Back in the day, I owned a few X-frame cars. In high-school, I owned pair of '64 Buick LeSabres. Both had the variable-pitch Twin-Turbine Dynaflow trans. The first one had a stock 401 cid nailhead 4bbl. I didn't know that the car had been in a serious wreck, and that the front-end had been welded back together. One day, I had to do a panic-stop from about 80 MPH when a cow decided to stop in the middle of the road. The front suspension folded, and the wheels came right back into the fender-wells! I swear that I could feel the back end lift off the pavement! That was one hell-of-a ride I don't care to repeat!
I picked up a second LeSabre with a bad engine. I knew where there was a wrecked '65 Riv Gran Sport with the dual-quad 425 cid 'Super Wildcat' nailhead. I bought the car for $35. My hot-rodding buddy & I used his dad's Farmhand-equipped tractor to drag the Riv home, pull the engine & drop it into my LeSabre. This LeSabre had a factory posi rear-end. We put shorter gears in it. With the maroon paint that had faded to a strange purplish color, the car was ugly as hell. It was a real sleeper, though. On a good day, she'd run the quarter in 14.5 sec @ 100 MPH - which wasn't bad for a 6-passenger 4-door back in the early '70s. I taught my high-school girlfriend how to drive in that car. I also taught her some other things in that car, but most of 'em required both of us to sit in the back.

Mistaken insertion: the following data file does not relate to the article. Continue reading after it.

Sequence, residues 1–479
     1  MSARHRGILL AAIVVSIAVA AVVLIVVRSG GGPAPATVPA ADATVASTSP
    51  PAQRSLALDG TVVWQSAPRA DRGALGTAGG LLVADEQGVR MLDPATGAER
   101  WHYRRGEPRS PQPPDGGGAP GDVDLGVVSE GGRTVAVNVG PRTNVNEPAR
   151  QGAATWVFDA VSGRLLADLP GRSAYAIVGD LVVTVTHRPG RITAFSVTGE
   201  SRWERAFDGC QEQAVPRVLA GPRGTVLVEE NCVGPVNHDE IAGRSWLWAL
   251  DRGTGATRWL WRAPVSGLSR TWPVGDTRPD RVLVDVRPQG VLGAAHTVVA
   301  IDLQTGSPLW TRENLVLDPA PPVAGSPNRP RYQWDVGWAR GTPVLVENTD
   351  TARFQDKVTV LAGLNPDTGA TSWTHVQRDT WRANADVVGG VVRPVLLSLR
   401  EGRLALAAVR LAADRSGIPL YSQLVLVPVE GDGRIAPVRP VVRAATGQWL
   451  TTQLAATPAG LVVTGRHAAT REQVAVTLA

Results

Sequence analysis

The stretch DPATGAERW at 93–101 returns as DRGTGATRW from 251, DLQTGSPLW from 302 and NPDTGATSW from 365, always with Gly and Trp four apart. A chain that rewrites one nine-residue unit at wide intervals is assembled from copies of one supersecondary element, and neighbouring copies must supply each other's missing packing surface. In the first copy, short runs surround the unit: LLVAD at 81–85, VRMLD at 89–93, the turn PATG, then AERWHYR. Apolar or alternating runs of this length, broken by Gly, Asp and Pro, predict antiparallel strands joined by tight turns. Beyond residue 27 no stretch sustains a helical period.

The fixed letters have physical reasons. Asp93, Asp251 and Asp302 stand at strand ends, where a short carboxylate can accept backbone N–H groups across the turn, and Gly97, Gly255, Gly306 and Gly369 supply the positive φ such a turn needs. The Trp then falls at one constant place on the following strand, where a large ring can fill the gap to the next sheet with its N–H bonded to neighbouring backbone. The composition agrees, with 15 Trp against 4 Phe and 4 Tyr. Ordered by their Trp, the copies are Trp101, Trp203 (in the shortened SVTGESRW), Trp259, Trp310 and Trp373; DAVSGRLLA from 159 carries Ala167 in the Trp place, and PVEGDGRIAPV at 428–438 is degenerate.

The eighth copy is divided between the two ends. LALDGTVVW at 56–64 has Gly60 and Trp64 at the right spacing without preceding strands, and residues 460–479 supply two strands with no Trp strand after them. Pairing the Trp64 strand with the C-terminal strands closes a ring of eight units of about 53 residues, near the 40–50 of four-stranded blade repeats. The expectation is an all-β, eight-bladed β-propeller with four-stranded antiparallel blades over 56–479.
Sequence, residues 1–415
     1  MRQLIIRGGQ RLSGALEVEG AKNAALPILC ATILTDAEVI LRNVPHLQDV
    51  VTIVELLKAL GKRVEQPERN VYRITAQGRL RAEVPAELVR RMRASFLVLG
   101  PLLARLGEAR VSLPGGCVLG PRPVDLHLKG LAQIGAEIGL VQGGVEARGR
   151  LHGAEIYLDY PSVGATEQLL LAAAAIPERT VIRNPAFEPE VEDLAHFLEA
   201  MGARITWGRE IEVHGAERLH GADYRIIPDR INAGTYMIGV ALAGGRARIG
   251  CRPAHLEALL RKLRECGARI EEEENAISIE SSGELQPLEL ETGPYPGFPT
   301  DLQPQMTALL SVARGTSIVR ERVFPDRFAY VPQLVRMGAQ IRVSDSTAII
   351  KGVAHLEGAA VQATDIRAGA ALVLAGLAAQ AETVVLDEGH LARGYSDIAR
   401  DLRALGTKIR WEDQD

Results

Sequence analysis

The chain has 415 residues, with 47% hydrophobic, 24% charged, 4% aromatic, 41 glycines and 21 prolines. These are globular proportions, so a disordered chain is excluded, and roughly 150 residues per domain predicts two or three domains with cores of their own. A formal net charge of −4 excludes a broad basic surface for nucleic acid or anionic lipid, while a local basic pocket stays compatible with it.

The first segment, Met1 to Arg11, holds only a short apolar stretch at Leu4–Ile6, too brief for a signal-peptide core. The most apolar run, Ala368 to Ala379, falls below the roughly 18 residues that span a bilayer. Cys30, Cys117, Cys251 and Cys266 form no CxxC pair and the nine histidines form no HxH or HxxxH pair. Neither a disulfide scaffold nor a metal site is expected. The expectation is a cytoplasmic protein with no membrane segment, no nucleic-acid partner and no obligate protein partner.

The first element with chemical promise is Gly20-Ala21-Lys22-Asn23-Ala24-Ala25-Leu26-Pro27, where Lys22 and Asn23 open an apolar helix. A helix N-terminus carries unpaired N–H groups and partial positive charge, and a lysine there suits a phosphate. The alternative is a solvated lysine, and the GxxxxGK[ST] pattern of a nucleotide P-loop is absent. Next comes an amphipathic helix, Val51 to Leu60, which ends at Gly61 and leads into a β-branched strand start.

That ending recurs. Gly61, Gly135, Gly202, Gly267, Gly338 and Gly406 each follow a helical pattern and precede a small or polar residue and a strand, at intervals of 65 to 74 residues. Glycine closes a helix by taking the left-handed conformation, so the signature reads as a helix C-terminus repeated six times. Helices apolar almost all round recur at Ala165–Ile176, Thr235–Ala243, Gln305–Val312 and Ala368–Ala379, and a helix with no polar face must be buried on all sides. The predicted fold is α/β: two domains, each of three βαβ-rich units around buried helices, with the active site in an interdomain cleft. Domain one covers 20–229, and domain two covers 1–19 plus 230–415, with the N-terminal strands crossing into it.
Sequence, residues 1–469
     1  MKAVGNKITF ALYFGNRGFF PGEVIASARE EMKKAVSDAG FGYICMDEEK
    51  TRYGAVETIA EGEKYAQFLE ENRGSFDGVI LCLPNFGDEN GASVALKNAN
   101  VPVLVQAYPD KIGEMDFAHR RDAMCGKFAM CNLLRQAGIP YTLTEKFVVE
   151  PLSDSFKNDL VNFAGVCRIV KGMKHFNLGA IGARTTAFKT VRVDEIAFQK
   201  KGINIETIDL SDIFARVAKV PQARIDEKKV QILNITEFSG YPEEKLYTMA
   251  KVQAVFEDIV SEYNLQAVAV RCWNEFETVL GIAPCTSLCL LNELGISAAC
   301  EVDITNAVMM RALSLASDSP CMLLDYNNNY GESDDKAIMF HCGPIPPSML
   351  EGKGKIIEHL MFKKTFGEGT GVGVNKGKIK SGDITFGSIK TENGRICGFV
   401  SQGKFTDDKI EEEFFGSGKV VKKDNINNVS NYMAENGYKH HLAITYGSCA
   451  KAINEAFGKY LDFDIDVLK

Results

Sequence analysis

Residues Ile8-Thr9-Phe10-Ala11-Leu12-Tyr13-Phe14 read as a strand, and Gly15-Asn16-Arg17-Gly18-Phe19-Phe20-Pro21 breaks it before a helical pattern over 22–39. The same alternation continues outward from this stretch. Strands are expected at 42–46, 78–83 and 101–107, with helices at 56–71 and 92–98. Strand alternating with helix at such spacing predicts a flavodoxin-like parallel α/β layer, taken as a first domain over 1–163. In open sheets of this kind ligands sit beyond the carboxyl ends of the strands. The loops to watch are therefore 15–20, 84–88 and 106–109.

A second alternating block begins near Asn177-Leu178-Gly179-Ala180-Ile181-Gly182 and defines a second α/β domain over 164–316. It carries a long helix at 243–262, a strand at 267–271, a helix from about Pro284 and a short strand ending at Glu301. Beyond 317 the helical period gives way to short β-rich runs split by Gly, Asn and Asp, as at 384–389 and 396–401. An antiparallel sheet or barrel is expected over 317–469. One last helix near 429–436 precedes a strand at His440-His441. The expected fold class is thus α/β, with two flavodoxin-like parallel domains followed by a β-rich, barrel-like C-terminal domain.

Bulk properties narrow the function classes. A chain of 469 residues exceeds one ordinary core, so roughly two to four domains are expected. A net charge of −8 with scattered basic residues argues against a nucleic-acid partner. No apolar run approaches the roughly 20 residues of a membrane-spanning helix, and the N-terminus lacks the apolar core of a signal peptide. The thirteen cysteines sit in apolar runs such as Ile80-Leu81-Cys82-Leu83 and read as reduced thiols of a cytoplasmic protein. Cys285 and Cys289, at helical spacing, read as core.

Years later, I owned '60 Chevy Parkwood wagon w/235 I6. It had a three-on-the-tree w/factory overdrive. I used it to haul band equipment.
Never got T-boned in an X-frame car, so I have no first-hand experience with their crash-worthiness. I do remember that replacing the split-driveshaft center bearing in the LeSabre could be a real PITA!! And if you liked to race, it needed to be replaced often!! The rubber mounting couldn't stand up to repeated hard launches. When it let loose, the driveshaft would literally flop around in the center section!!
Buick also did their own thing with frames back then. The 56-57 Buicks used a frame that looks quite similar to the Olds frame from the same era:
In '59, Buick dropped the X-frame completely & came out with this:
However, in '61, they went with the traditional X-frame. Seems like they took a step backward as compared to their Equipoise chassis: